Doctor of Philosophy
Department of Chemistry
Weng, Bo, Inkjet printing of conducting polymers, Doctor of Philosophy thesis, Department of Chemistry, University of Wollongong, 2011. http://ro.uow.edu.au/theses/3619
The main goals of this work are to 1) synthesize and optimize inkjet printable polypyrrole (PPy) nanodispersions, 2) fabricate PPy films and microstructures on a range of substrates under various printing conditions by using nanodispersions developed in 1), and 3) ultimately apply these printed structures in various fields, including controlled drug release, biosensors and tissue engineering.
PPy was chemically synthesised using different surfactants that also acted as dopants, and polyvinylalcohol (PVA) as a steric stabiliser. The effects of employing different surfactants and oxidants on particle distribution in the product, surface tension and conductivity were studied. Consequently, the polymerization conditions were optimized and an inkjet printable PPy nanoformulation that would resulted in solide stuructures with reasonable conductivity (~1S/cm) was obtained and printed successfully using a Dimatix Materials Printer 2800 (DMP2800) with low cost, userfillable piezo-based jetting cartridges.
PPy films and micropatterns were inkjet printed onto multiple substrates, including glass slides, ITO-coated glass and PVDF membranes. The morphologies, physical properties, electrochemical properties and thermal properties of the resultant films were characterized by profilometery, SEM, AFM, UV-vis, and cyclic voltammetry. In addition, cytocompatibility of these printed structures was demonstrated using PC12 cells.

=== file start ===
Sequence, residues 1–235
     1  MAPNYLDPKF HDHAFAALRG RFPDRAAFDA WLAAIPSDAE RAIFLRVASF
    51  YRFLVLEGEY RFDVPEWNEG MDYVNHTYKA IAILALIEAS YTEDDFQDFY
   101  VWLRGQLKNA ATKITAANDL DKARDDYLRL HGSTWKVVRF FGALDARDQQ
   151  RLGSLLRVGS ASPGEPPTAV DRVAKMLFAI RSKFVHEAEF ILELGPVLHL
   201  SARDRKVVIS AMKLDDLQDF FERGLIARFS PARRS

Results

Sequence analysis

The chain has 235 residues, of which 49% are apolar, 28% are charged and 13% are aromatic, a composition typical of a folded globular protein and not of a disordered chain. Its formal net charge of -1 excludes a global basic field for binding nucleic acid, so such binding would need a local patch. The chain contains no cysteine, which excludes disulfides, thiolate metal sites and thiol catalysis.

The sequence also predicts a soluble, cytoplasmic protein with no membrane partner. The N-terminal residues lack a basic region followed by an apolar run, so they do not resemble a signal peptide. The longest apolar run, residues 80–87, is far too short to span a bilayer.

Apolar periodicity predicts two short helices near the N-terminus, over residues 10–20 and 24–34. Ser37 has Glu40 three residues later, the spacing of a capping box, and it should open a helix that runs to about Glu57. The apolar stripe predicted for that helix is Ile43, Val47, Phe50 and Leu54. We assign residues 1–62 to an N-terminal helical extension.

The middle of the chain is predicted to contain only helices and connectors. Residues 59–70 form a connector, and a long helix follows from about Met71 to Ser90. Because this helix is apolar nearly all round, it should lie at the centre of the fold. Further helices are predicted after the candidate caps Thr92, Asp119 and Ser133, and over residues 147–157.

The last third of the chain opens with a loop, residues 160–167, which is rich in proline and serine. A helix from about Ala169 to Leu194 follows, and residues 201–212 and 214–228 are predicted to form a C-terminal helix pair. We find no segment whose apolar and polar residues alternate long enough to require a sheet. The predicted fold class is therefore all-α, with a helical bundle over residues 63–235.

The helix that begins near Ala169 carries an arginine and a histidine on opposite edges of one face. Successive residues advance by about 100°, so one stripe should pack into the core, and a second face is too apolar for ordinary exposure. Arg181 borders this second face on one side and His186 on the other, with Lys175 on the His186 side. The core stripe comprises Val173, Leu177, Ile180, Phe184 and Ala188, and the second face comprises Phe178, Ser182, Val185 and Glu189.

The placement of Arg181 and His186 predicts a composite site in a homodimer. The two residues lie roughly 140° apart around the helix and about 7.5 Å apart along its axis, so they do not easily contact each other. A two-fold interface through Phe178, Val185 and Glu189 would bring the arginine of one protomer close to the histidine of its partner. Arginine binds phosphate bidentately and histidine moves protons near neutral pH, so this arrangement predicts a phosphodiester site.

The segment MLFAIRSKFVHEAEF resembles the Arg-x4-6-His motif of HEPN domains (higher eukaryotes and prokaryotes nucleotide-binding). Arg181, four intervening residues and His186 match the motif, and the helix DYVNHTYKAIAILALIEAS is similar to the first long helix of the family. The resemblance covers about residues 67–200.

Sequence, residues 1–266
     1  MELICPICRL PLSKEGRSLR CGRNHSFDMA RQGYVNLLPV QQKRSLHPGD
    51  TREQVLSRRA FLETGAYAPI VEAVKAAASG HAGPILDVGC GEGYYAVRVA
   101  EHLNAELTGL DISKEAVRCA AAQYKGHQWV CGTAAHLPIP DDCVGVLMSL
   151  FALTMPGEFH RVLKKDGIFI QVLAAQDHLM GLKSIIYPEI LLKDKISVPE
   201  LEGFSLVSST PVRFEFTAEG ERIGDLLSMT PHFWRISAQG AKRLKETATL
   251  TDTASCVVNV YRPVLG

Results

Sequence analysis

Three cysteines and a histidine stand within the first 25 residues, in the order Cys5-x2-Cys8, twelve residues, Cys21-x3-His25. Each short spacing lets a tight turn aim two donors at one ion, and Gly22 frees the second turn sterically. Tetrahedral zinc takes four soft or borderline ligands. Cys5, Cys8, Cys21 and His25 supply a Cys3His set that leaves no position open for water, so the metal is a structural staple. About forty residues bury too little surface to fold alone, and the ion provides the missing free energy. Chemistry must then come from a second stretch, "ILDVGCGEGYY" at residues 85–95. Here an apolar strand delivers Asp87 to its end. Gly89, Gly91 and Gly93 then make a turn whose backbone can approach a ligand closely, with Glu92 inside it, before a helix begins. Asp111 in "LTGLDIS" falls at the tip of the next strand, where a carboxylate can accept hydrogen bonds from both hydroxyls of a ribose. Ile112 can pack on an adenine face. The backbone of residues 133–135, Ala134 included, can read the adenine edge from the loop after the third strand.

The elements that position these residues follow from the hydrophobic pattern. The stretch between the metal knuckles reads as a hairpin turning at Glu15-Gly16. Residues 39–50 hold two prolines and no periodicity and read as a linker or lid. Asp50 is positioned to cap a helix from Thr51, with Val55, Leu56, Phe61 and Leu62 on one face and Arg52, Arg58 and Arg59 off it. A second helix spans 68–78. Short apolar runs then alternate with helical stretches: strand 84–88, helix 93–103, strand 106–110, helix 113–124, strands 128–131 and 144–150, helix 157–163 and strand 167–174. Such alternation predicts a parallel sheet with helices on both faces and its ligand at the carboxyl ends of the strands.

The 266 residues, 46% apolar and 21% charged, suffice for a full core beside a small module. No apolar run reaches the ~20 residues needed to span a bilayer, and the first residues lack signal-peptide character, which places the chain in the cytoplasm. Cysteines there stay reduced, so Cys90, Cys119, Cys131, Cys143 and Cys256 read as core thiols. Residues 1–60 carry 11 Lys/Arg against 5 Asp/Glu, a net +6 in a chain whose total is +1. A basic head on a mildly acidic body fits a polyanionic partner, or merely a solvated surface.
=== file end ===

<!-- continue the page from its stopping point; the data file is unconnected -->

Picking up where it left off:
An investigation into the use of printed micropatterned PPy scaffolds in tissue engineering was carried out based on the studies 1) and 2). A novel complex electroactive PPy/collagen scaffold was inkjet printed onto AryliteTM film for cell patterning and stimulation. 100 μm wide PPy tracks, approximately 1.4 μm high, with conductivity of 1.1 S/cm were obtained. Collagen was subsequently deposited directly on to the PPy surface. In vitro cell studies using a PC12 cell line verified that this scaffold effectively guided and patterned PC 12 cells - more than 90% of the cells adhered to the PPy/collagen tracks. Electrical stimulation was shown to promote neurite outgrowth and orientation. Inkjet printing is a convenient route to producing patterned conducting polymer structures that can promote cellular adhesion and provide a platform for electrical stimulation.
In addition, inkjet printed PPy/enzyme biosensors were also studied. PPy/enzyme formulations were printed onto the screen printed carbon electrodes and used as biosensors for hydrogen peroxide. A continuous and stable response was obtained in a broad concentration range upon the addition of hydrogen peroxide/glucose. All printed biosensors were fabricated successfully by inkjet printing.